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System With Parallel Wood Boiler

In this step a wood boiler has been plumbed in parallel with the oil boiler. The wood boiler is added to the left side of the diagram. The rest of the system is the same as it was before.


The parallel plumbing allows either boiler to provide heat. The two circulators have built-in check valves to prevent reverse flow through either boiler.

The wood boiler has a 'dump zone' and inlet protection valve to provide safe and effective operation. Neither of these devices require any external control.


The wood boiler has a built-in controller that turns on the wood circulator when the wood boiler outlet temperature is above 160 degrees. The built-in controller also shuts down airflow to the firebox when the outlet temperature exceeds 180 degrees.

Desired System Behavior

The intent is to use the wood boiler as the primary heat source, and keep the oil boiler as a backup heat source for times when no one is home for long enough that the wood boiler goes out. At this point, it's good practice to spell out the control behavior that's desired as explicitly as possible. This list of desired behaviors becomes the basis for designing the details of the control system.

  1. The system should use heat from the wood boiler if heat is available.

  2. The oil boiler should not run if the wood boiler is capable of providing heat.

  3. The system should manage the zone valves to keep the top floor and main floor temperatures at a comfortable temperature.

  4. The system should maintain the domestic hot water temperature according to the aquastat in the DHW tank.

  5. If the wood boiler is not hot, the system should automatically switch to provide heat from the oil boiler.

  6. If heat is coming from the oil boiler, the living space temperature should be maintained at a lower level.

  7. If the NFCS is not connected or is not running, heat should be provided by the oil boiler.

Control System Issues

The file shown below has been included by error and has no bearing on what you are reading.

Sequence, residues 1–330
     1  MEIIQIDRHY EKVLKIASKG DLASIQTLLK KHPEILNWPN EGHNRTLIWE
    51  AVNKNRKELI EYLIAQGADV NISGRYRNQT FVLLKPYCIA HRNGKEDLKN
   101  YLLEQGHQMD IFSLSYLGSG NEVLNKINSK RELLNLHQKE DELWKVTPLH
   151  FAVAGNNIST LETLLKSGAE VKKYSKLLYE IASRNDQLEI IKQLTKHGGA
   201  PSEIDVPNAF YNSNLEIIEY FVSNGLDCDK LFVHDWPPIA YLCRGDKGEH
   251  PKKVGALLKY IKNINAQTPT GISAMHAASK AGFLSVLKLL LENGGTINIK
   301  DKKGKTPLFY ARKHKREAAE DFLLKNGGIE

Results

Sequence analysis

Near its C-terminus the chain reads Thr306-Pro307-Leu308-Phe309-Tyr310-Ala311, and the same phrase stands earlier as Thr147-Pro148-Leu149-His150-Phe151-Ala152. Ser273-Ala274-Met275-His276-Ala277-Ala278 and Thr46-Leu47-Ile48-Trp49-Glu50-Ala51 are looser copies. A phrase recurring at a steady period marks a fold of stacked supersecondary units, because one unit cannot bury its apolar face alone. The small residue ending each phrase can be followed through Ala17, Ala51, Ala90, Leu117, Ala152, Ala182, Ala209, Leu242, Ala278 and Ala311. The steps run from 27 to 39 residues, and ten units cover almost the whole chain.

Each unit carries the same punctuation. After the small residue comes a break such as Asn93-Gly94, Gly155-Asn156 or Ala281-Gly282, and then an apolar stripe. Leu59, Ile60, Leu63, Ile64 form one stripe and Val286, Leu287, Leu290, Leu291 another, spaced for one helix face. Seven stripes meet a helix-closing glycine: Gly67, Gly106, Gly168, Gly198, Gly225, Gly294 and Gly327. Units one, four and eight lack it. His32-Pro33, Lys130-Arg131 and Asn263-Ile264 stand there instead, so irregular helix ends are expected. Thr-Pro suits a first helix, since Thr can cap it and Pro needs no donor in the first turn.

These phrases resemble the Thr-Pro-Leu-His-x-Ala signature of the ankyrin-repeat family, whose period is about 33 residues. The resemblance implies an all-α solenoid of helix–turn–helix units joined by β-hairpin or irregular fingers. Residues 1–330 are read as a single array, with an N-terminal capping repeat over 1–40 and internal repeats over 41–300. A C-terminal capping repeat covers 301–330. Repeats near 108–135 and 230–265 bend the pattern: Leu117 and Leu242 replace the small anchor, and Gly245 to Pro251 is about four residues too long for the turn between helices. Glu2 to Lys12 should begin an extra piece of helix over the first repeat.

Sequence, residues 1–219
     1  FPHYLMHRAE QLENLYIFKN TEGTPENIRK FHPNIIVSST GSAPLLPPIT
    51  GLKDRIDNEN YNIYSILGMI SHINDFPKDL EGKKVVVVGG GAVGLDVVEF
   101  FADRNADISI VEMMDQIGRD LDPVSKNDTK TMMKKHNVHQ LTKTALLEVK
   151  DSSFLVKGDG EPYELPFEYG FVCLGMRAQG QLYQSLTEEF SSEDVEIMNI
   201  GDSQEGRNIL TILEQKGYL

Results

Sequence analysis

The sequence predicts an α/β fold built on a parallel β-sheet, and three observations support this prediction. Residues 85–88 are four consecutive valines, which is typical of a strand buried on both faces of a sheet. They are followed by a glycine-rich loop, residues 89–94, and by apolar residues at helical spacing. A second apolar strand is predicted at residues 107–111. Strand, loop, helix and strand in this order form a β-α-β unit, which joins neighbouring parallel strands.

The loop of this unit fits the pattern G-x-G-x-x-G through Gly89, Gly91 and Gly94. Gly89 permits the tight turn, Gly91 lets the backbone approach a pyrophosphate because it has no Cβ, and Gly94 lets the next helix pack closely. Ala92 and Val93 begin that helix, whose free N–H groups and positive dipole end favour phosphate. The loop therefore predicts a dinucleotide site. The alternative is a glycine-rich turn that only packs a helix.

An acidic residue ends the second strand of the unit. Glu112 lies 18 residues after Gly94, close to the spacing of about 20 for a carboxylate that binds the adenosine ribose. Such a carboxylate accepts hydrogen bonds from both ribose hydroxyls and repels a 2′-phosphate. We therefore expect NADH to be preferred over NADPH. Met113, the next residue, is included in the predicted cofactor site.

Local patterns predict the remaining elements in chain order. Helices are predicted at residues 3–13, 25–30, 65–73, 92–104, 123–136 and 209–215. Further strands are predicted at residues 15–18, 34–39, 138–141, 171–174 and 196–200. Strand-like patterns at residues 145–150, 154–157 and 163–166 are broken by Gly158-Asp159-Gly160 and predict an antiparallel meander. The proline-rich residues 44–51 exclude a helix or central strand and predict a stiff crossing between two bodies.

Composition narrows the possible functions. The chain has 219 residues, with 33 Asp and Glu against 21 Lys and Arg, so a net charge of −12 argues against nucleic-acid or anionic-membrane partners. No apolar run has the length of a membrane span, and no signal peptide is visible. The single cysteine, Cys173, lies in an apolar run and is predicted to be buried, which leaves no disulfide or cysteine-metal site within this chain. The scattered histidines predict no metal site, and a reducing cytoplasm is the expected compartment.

There are two primary issues with controlling this system. First of all, there is nothing to prevent the oil boiler from coming on. When any zone calls for heat, the oil boiler will come on even if the wood boiler is running. Since the wood boiler is providing lots of heat, the oil boiler won't have to run as long, but it will still run as needed to maintain its own temperature at 180 degrees. There needs to be a way to disable the oil boiler when the wood boiler is able to provide heat.

Second, there's no provision for keeping the living space at a warmer temperature when heat is coming from the wood boiler. The thermostats don't have any way to operate at a different setpoint depending on the heat source.

Thermostats and Temperature Sensors

Most heating systems use thermostats. They are relatively simple devices that are easy to use. However, they do have one significant limitation - they can only tell you 'warm enough' or 'not warm enough'. Some thermostats do have a second stage output that will provide a second contact closure if the temperature drops more than a certain amount below the setpoint. This is a little better, but still not as useful as knowing the actual temperature. Temperature sensors allow control decisions to be made based on actual temperature.

To enable this system to control the living space temperature based on the heat source, temperature sensors will be added on the top floor and the main floor so that the NFCS can monitor temperatures directly.

The existing thermostats will be retained, but they will be set to a much lower temperature and used only to control the backup oil boiler.

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